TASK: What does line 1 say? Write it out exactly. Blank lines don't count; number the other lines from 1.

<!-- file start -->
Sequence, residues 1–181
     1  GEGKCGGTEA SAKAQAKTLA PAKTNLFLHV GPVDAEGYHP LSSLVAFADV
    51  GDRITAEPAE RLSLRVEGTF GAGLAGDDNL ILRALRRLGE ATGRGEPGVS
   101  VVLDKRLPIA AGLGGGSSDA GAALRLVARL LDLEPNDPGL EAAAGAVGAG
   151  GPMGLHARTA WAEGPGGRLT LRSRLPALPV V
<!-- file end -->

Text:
Sequence, residues 1–181